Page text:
Photography Probable Cause for Suspicion of Terrorist Activity

Discussion in 'Street and Documentary' started by chad_hahn, Aug 1, 2008.

  1. I was listening to Democracy Now today and they were talking about video taping protests. One of the speakers said that after 9/11 the L.A.
    police department gave guidelines of activities, criminal and not that the officers should take as precursors of terrorist activity. One of those
    activities was photography and videotaping. The L.A.P.D. passed these guidelines on to other police departments around the country.

    Even though photography is not illegal, police are told to consider photography a suspect endeavor.

  2. Did the guidelines say that photography and videography by themselves were possible indicators, or that photography and videography near sensitive sites or of unusual subjects (e.g. close up of ECM equipment on El Al jet) was a possible indicator? If the former, the person who wrote the guideline is encouraging busy police to create unnecessary conflict. I still perceive that a lot of the current conflict stems from uneducated private security, and less from the police themselves. In any case, the ultimate determination of whether specific conduct constitutes probable cause is determined by the court, not the police, but of course by then the police have already arrested you.
  3. From what I gathered listening to the show it was photography itself that was suspicious activity. The show did deal with videotaping protests to
    document overzealous police actions. But I think the L.A.P.D. guidelines were something totally separate.

  4. Democracy Now is a radical left program. Enough said already.
  5. I guess Autistic kids are just spoiled brats since that was said on a right wing program.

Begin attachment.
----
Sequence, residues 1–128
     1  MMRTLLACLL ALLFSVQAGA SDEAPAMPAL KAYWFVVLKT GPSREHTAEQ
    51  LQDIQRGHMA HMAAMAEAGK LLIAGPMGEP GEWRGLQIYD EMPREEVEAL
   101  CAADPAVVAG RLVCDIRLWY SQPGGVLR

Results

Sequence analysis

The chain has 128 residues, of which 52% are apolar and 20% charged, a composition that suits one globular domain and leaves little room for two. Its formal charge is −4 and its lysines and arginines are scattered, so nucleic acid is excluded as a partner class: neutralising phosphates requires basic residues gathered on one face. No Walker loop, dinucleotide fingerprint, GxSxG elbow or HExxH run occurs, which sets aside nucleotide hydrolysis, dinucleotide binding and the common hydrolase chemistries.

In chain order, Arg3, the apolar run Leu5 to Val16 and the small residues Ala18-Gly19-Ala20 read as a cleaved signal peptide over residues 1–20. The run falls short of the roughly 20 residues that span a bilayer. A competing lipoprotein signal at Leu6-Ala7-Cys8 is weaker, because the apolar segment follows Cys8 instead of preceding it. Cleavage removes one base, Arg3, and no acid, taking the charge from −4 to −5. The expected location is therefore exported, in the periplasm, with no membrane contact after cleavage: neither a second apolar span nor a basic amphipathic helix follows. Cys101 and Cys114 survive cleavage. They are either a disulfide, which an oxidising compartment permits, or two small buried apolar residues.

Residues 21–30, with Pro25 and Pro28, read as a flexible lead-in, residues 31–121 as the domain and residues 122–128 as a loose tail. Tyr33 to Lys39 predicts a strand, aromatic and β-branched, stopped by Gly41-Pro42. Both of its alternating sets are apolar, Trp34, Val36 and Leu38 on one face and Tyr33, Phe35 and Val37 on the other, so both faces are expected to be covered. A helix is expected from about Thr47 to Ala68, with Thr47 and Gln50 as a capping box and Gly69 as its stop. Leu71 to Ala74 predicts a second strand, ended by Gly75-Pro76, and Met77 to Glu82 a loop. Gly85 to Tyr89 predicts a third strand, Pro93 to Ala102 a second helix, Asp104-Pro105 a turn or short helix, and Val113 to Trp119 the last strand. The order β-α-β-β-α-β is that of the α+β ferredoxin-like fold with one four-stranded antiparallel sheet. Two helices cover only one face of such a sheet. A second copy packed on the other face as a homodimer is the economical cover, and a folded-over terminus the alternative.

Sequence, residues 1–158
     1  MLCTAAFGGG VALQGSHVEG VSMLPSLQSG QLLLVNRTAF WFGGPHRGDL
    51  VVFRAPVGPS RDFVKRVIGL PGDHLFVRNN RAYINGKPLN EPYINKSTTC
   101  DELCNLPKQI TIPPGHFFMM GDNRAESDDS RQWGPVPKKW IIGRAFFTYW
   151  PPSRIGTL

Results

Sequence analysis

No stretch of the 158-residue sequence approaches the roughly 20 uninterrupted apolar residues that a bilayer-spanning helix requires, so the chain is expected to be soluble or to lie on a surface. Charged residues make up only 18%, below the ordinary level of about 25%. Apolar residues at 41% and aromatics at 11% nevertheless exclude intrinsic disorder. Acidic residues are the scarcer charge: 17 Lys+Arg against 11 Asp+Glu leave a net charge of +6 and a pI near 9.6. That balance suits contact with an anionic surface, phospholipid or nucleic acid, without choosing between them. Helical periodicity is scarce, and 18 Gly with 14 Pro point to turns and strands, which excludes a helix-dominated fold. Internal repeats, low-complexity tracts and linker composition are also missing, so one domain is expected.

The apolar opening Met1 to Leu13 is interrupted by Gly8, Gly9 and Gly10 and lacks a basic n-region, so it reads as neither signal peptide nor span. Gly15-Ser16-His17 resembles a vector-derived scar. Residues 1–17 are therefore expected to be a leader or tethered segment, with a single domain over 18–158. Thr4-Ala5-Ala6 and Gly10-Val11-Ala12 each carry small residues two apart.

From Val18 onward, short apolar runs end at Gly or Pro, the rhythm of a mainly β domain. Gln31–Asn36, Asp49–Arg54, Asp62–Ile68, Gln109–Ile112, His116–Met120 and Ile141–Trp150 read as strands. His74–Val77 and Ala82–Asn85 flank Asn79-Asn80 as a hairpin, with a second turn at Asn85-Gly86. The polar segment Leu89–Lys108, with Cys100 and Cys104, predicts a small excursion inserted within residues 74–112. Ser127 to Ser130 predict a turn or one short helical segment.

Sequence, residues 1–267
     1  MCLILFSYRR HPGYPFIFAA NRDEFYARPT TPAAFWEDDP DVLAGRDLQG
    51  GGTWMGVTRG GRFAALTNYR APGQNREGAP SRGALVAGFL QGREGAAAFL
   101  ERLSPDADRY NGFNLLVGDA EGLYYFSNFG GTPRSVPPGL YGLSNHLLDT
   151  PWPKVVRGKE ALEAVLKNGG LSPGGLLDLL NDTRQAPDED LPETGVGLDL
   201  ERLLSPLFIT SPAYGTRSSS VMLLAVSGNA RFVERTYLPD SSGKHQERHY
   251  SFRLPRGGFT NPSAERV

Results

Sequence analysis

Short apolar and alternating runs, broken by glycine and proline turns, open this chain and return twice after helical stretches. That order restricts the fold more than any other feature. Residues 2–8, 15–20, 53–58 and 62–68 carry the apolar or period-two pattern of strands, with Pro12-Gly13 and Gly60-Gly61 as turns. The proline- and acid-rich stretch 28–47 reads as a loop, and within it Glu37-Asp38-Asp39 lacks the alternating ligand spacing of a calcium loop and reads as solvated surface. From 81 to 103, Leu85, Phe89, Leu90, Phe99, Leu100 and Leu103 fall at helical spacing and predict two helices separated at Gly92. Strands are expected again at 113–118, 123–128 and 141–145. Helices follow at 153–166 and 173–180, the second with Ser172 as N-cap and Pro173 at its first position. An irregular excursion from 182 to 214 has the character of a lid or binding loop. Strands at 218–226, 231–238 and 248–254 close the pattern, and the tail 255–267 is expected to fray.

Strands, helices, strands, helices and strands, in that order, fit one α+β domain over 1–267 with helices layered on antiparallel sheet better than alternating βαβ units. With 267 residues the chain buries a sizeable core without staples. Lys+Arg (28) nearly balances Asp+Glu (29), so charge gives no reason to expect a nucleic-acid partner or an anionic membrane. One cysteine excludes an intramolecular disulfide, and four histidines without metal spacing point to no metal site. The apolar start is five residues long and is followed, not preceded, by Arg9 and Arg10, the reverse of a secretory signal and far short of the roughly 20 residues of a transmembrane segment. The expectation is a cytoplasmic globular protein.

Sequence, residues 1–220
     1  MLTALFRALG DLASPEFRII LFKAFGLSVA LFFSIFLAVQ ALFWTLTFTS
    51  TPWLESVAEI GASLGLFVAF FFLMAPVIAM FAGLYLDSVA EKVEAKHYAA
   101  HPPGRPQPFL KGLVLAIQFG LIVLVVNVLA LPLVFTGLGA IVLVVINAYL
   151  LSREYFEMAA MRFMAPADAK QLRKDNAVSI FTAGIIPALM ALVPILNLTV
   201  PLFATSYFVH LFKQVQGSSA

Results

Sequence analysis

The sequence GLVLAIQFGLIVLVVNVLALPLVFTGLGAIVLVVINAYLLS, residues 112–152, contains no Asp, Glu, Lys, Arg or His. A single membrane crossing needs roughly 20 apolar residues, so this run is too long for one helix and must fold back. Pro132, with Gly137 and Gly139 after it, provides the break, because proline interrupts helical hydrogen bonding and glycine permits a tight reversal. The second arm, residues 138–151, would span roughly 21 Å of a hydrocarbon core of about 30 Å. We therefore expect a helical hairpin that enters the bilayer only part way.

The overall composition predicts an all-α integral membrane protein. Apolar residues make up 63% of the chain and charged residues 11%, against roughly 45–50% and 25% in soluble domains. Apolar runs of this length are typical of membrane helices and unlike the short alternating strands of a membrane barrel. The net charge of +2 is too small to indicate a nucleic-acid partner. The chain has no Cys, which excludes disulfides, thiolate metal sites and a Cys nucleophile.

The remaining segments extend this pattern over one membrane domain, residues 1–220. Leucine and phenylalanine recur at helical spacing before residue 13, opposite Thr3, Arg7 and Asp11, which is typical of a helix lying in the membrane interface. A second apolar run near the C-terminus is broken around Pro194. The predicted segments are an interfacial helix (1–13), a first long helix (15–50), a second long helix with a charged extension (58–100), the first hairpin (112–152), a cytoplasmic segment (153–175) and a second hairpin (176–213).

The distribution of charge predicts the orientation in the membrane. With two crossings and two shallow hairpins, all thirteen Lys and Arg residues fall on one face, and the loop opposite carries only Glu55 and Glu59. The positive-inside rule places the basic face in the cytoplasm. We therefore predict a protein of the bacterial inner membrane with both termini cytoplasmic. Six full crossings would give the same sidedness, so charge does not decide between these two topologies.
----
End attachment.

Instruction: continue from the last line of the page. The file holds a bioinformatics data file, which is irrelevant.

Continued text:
6. Individuals who carry on long conversations on pay or cellular telephones.
    Individuals drawing pictures or taking notes in an area not normally of interest to a tourist or showing unusual interest in or photographing security cameras, guard locations, or watching security reaction drills and procedures.
    It does look like it mostly concerned with photographing police, but then of course that is exactly what people do at demonstrations.
  7. "I guess Autistic kids are just spoiled brats since that was said on a right wing program."

    Correction: first, this was said on a radical right wing program and therefor should be met with skepticism; second, this was not said at all; if you had heard or read the whole discussion, you would have known.
  8. For those of us who like to watch or listen to something before commenting on it, here are links to the two photography related stories in the program.
    Their guest was from, an organization that connects people who have video with people who need it-- as they describe in this segment of the program where they show what appears to have been a bicycle rider knocked to the ground last week by a NYPD officer. That officer then allegedly filed a false arrest report. A bystander caught the whole thing on video.

    The next segment was a discussion about Fusion Centers. About 35 or 40 minutes into the program, Mike German, a former FBI special agent and terrorism analyst, said:

    ...the Los Angeles Police Department issued an order compelling their officers to report criminal and non-criminal suspicious behavior that can be indicative of terrorism, and they listed sixty-five behaviors. And Erin mentioned some of them, but one warning I’ll put out there, because of the early part of this story, one of the precursor behaviors to terrorism that’s identified in the order is taking video. And we put in our report a couple of instances where people taking video were stopped by police officers simply for taking pictures or video. And in some cases, particularly where they’re taking photographs or video of police, it actually resulted in arrests. So, you know, when you’re out there with your video camera, a police officer reading this report may say that’s a precursor behavior to terrorism and, you know, get involved in what you’re doing.